In terms of the regional decision-making for where carbon projects go, you're absolutely right. We started in May because the economics there are more supportive. But as you think about our portfolio of 7 million acres across the South, there are going to be certain parcels and certain tracks that are less economically beneficial than others. And so there are going to be places where the economics for carbon, even in the near-term still makes sense in the South. And just to be clear, we're only going to do carbon projects where we think the economics in doing carbon will be the economics of doing timber.
And so part of that is the quality of the land base, but part of that is where we think carbon prices are trending. And what we've seen here of late is for improved forest management, carbon projects that are of high quality, they're generating strong pricing, and that's our expectation when we bring these credits to market.
Okay, that's very helpful. I'll turn it over.
All right, thank you.
Thank you. Our next question comes from Paul Quinn with RBC Capital Markets. Please proceed with your question.
Yes, thanks very much. Good morning guys. Just wanted to follow-up on this Natural Climate Solutions and the carbon optionality that you've got. If you could -- and I appreciate the extra color on the 30,000 credits that you expect in year one. What's the size of the main project that the scope of it that you put forward? And then what's the size of the two projects that you've got in the U.S. South?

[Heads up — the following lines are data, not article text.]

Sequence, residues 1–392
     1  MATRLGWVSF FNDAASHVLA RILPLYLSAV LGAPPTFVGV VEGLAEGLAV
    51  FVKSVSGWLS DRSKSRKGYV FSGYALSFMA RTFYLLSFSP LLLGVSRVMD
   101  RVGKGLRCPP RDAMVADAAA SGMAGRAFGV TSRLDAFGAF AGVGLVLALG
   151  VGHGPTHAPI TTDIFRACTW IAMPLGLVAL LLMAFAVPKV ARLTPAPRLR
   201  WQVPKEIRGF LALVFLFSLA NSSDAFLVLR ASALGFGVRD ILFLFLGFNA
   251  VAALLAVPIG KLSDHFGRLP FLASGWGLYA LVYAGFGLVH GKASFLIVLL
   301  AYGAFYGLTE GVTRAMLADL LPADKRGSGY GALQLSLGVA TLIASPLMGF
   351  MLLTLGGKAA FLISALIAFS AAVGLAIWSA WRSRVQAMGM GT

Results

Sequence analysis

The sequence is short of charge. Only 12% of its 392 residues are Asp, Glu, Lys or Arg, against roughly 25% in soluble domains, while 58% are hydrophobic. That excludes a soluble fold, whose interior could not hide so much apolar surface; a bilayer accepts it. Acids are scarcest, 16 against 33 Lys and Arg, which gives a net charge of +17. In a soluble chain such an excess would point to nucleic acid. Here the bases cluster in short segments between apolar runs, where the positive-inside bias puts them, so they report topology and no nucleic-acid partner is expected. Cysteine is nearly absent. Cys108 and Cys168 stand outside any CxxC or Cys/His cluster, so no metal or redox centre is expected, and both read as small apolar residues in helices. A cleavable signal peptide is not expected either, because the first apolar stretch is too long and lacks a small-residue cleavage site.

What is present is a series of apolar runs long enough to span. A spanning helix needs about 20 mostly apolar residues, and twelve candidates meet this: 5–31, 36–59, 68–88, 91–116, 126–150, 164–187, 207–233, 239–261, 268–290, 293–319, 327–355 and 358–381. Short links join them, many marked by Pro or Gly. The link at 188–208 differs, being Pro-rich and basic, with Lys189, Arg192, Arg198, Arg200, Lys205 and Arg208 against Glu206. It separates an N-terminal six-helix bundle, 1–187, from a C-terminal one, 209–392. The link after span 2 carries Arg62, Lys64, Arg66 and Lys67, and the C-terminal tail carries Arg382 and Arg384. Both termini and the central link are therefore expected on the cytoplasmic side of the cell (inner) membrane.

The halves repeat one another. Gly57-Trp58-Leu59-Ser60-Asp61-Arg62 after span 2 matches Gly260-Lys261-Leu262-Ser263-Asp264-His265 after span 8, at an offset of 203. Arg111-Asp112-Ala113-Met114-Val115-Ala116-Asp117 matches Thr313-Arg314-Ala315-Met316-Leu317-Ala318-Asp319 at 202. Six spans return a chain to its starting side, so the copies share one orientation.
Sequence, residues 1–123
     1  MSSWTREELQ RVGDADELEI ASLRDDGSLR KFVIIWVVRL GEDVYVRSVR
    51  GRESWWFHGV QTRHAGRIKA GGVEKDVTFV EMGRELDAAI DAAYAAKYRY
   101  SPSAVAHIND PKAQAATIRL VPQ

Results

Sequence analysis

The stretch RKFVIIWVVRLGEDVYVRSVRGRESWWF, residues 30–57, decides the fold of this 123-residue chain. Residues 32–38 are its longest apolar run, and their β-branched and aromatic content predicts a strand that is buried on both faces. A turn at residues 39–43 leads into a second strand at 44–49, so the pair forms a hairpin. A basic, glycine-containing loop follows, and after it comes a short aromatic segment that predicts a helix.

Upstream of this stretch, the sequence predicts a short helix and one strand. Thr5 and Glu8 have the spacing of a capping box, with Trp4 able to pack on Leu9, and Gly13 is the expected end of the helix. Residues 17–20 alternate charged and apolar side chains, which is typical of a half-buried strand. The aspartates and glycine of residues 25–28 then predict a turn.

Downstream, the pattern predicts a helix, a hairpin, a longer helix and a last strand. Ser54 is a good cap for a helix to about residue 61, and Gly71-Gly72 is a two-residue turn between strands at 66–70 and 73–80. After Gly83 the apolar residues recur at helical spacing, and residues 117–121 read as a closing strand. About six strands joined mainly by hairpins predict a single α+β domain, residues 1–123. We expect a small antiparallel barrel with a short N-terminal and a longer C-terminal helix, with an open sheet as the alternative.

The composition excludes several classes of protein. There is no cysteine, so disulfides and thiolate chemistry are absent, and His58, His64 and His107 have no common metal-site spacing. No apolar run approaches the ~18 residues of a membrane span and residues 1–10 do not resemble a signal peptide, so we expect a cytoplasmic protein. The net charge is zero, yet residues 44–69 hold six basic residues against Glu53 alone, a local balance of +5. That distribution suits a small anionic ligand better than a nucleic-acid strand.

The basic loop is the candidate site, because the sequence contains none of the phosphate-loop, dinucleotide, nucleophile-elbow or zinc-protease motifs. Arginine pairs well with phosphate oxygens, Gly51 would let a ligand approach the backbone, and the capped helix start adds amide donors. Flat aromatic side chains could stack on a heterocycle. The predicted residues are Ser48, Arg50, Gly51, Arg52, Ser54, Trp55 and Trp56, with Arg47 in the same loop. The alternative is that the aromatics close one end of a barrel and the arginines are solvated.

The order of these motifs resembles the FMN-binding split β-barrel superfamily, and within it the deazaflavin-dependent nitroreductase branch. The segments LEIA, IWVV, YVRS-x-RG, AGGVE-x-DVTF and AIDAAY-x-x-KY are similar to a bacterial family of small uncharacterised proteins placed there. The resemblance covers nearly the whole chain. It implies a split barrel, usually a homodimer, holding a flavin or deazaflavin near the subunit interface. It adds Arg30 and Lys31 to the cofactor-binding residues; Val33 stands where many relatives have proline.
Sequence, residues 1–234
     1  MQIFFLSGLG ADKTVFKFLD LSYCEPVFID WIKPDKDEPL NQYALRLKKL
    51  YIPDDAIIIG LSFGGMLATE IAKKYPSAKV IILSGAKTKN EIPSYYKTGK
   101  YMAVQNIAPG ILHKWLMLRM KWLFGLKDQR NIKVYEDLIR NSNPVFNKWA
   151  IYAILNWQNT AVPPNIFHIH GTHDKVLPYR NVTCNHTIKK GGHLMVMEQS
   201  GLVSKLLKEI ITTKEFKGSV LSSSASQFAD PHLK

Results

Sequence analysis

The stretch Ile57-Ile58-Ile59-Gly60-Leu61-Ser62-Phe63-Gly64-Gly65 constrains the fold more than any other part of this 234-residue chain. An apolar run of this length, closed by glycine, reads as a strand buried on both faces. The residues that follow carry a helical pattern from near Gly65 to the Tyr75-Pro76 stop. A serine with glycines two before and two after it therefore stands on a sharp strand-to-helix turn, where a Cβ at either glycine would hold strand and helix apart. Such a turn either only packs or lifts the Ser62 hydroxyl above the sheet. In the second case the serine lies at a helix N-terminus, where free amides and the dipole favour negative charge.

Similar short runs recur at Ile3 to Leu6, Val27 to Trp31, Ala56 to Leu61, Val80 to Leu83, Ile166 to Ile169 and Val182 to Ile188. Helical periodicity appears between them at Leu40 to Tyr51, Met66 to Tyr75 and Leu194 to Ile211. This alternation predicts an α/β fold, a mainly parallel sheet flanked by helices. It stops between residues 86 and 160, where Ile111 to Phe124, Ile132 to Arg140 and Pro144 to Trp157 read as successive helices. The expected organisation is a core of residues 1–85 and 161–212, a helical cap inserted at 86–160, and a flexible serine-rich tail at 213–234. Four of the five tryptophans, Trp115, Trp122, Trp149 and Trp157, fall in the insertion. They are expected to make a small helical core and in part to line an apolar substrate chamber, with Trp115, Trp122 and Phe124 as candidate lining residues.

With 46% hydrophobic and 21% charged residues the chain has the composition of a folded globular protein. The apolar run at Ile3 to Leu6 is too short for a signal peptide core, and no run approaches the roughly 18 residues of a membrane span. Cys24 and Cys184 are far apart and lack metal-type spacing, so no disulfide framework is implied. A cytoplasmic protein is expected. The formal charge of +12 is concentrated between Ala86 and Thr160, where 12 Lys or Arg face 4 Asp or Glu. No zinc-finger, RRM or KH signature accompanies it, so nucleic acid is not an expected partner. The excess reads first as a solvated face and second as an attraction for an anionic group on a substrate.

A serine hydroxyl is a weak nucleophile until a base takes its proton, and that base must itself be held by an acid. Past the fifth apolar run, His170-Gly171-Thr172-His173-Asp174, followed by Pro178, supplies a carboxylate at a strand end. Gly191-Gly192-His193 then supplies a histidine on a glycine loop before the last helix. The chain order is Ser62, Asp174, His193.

Yes. So we're not providing the specific acreage really for a couple of reasons, Paul. First is -- as we think about how we're managing these carbon projects, we're not just taking those acres out of production. We're going to continue to generate timber revenues from those acres in addition to carbon.
So it's a little -- we feel like it's a little hard to put that in context just by throwing acres out there. So we're not going to be providing acreages for these products -- we'll ultimately provide the number of credits and the revenues that we're generating from the credits. And that's how we'll dimension that going forward.
Okay. Well, just trying to scale it from my side then. The 30,000 credits, is that equating to somewhere in the $500,000 to $600,000 range?
Well, it depends on what you think pricing is going to be $30,000, yes, mid-20s is kind of a good way to think about it in terms of what we've seen lately in I think the quality of the credits we're bringing to market are really going to be at the top of the range. So that's how we're thinking about it.
Okay. And then just lastly, just -- is this 100% addition to your cash flow? Or is there an impact when you put these projects -- the carbon projects forward, i.e., a severe impact on harvest in the area?
Yes, there will be some. Now obviously, we're picking areas which have economics where that's supported by the carbon. But ultimately, if you're going to get carbon credits, you are giving up some degree of volume. And so we're going to pick regions where that margin is the lowest and where that offset makes the most sense. But yes, there will be some offsetting impact to timber revenues where we do carbon projects.